Welcome to European Tribune. It's gone a bit quiet around here these days, but it's still going.
If it's going to be a long term issue I expect it would be possible - not easy, but possible - to jury-rig a filter/condenser for the steam.

Longer term there would also be an issue with corrosion. I'd expect there would be a move towards restoring flushing out the sea water and replacing it with de-min coolant again.

I'd guess someone has thought of this already.

What's more of an issue is containment over the next 48 hours. If containment is lost, steam production becomes academic.

by ThatBritGuy (thatbritguy (at) googlemail.com) on Mon Mar 14th, 2011 at 10:43:16 AM EST
[ Parent ]
Re-establishing normal cooling of the reactors would require restoring electric power -- which was cut in the earthquake and tsunami -- and now may require plant technicians working in areas that have become highly contaminated with radioactivity.
At this point, the best option is to build a concrete sarcophagus around the thing. I don't think a year of increasingly polluting releases is better.

So, in what may be my last act of "advising", I'll advise you to cut the jargon. -- My old PhD advisor, to me, 26/2/11
by Carrie (migeru at eurotrib dot com) on Mon Mar 14th, 2011 at 10:47:49 AM EST
[ Parent ]
Well, releases are necessary to prevent a too high pressure buildup within the existing concrete containment vessel while cooling the core. A concrete sarcophagus would mean stopping the cooling down of the core, so it would have to be both watertight (or steamtight) and able to withstand high pressure and temperature. And it wouldn't be easy to build in a devastated area.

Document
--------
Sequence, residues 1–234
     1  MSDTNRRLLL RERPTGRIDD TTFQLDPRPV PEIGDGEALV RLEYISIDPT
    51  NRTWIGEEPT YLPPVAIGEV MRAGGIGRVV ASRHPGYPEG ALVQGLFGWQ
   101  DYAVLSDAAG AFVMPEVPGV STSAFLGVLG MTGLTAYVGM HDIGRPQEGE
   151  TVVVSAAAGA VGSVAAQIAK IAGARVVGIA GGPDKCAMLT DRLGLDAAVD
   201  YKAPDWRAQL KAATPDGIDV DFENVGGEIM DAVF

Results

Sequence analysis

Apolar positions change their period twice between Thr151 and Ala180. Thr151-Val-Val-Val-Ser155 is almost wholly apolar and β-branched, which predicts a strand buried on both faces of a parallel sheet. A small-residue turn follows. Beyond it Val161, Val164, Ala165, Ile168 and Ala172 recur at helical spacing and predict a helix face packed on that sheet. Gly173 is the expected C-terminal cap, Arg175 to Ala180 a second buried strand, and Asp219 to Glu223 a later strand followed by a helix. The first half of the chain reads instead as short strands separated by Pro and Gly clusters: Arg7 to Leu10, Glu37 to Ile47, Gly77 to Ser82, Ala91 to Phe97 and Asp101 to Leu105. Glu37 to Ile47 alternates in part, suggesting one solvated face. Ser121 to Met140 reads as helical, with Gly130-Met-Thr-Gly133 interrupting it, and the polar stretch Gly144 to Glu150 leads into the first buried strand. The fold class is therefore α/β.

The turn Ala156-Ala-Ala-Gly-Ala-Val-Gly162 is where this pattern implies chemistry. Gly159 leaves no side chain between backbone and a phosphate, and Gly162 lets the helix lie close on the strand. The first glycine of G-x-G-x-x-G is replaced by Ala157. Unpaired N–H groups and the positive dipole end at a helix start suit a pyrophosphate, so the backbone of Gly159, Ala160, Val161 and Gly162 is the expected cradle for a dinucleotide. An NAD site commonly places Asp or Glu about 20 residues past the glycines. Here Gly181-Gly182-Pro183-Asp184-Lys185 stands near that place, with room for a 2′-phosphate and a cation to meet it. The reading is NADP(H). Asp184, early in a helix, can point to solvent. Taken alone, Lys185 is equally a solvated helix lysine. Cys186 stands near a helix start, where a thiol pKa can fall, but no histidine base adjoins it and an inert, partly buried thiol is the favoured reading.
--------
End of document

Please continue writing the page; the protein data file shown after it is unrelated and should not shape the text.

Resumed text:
"People only accept change when they are faced with necessity, and only recognize necessity when a crisis is upon them." - Jean Monnet
by Melanchthon on Mon Mar 14th, 2011 at 11:11:05 AM EST
[ Parent ]
The sarcophagus would have to include a giant heat sink, and would still need active cooling. Otherwise the pressure and temperature would continue to build.

Above a couple of thousand K concrete loses its integrity. If the main assembly melted at very high temperatures it could eat its down through the core catcher and into the ground water.

That would be a major fail.

To make the idea practical you'd have to use an industrial ceramic - which might not be the easiest thing to build at short notice.

by ThatBritGuy (thatbritguy (at) googlemail.com) on Mon Mar 14th, 2011 at 11:37:12 AM EST
[ Parent ]
Cement is calcined at 1700K, I doubt concrete would survive even 1300K for very long.
by njh on Mon Mar 14th, 2011 at 08:28:22 PM EST
[ Parent ]
you'd have to use an industrial ceramic

And you would have to get that ceramic UNDER the "core catcher". The "core catcher" will only hold the core if it is dispersed far below criticality and can cool below the temperature that will degrade the concrete. Covering it all with a solution of boric acid will help greatly. I would feel better if the PR idiots at GE and TEPCO could figure out that it is pointless to refuse to talk about meltdown containment when meltdown is occurring and actually release some diagrams that would clearly confirm that they actually do have a working passive containment system.  

"It is not necessary to have hope in order to persevere."
by ARGeezer (ARGeezer a in a circle eurotrib daught com) on Mon Mar 14th, 2011 at 09:31:50 PM EST
[ Parent ]
After all, there is a reason meltdown scenarios were once referred to as "The China Syndrome", though in this case it might be "The Argentinian Syndrome". (I am presuming that corporate policy is that any publicity about meltdowns is bad publicity and that they might be too panicked to rethink the obvious problems with that assumption.)

"It is not necessary to have hope in order to persevere."
by ARGeezer (ARGeezer a in a circle eurotrib daught com) on Mon Mar 14th, 2011 at 09:35:49 PM EST
[ Parent ]


Occasional Series